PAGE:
• If you grow Silver Torch cacti outdoors, expect them to attract hummingbirds and other pollinators with the red/burgundy flowers they produce.
  • Like all desert cacti and succulents, the Silver Torch Cactus loves sunny spots and thrives in as much full sunlight as it can get. In fact, if the plant doesn’t get enough sunlight for several hours every day, it will not bloom. So whether you grow your Cleistocactus indoors or outdoors, make sure you place it in a very sunny spot.
  • When it comes to watering, Silver Torch Cactus has pretty much the same needs as most succulents. It doesn’t like wet feet, can die if overwatered, and needs well-draining soil that allows excess water to get through it.
  • Silver Torch Cacti are drought-tolerant and will forgive you if you forget to water them for short periods of time. Yet, they can die if you provide them with more water than they need.
  • Cleistocactus prefers normal room temperatures during its active growth period. Yet, when it stops growing during the winter, it prefers lower temperatures at around 50-59°F (10-15°C). If during its resting period, the temperatures are too high, it will try to continue growing, but without enough light, chances are it will become laggy and unhealthy.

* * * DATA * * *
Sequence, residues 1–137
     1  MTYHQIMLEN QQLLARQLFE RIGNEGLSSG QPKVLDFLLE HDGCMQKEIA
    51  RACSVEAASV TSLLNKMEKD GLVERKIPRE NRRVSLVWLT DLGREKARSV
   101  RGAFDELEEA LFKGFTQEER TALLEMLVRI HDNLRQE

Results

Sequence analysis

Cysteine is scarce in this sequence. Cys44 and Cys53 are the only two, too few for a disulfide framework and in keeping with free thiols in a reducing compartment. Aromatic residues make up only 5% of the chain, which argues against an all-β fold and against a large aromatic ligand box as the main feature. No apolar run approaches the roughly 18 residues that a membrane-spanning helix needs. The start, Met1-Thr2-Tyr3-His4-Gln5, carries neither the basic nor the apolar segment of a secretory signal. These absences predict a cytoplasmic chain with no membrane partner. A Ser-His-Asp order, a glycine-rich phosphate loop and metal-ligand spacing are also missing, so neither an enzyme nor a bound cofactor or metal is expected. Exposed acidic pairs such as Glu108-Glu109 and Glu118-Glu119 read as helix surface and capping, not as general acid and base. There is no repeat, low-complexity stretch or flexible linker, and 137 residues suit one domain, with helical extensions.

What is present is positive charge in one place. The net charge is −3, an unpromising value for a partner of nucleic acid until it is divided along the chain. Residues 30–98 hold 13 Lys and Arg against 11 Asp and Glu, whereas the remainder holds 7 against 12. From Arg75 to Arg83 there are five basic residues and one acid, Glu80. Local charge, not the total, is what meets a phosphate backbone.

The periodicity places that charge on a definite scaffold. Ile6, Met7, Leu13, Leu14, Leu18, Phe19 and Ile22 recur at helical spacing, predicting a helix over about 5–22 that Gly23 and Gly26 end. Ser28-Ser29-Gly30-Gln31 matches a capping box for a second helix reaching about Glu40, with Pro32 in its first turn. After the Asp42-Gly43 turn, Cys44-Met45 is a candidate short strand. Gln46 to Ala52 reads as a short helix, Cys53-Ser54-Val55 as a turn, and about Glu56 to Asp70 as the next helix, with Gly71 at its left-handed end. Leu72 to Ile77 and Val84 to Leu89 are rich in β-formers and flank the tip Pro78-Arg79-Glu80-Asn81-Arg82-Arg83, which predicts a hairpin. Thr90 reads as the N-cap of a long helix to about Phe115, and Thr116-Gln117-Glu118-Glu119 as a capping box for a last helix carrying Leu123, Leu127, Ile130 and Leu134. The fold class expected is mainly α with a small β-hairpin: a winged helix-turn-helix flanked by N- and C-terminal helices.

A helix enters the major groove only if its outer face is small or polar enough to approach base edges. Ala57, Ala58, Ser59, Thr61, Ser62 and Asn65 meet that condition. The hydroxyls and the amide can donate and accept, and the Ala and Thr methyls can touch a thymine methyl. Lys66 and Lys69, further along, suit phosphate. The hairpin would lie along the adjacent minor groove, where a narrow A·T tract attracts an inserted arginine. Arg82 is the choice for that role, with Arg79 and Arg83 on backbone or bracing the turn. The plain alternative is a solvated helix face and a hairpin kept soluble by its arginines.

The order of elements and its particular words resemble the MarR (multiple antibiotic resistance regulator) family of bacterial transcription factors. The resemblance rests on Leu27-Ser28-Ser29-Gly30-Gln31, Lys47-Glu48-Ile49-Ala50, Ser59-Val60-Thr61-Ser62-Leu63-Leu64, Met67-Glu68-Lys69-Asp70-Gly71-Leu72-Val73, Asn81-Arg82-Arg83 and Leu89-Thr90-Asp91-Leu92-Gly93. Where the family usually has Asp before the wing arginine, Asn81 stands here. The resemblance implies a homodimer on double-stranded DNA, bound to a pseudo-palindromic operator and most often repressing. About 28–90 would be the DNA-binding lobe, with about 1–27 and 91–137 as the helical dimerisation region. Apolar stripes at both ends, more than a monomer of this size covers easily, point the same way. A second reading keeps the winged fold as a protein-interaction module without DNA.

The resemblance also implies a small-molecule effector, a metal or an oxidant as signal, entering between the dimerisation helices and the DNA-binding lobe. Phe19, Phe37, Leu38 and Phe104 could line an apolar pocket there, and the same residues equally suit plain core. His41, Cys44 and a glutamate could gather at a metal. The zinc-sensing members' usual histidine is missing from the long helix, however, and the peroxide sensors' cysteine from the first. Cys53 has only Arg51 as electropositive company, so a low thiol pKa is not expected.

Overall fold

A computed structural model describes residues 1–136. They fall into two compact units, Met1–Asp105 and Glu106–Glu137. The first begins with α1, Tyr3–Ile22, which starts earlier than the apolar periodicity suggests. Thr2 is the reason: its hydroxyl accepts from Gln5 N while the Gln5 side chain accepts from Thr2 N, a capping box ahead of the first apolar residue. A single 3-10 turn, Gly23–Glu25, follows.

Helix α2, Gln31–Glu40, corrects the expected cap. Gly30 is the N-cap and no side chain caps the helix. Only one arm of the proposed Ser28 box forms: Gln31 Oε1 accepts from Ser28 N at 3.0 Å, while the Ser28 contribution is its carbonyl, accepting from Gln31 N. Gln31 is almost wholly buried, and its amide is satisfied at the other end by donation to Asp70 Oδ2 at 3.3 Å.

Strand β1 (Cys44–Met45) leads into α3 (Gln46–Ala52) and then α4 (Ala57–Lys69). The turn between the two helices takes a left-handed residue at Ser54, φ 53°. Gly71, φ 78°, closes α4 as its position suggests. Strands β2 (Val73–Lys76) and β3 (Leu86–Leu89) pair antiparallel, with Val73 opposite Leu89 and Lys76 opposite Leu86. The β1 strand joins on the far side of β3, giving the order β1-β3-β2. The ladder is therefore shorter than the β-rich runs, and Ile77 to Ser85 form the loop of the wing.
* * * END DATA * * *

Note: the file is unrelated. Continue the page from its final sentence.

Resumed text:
• Silver Torch Cacti can benefit from moderate feeding at the start of the growth period as the nutrients will help them grow happy and healthy and produce lots of beautiful flowers. You can put some long-term slow fertilizer onto the surface soil in the pot.
  • Silver Torch Cactus plants are most susceptible to mealybugs and spider mites, the most common pests of cacti and succulents. To get rid of these pests, you can simply use medical alcohol. Use a moistened cotton wool to carefully wipe the stems of your Cleistocactus and to remove all the unwanted guests.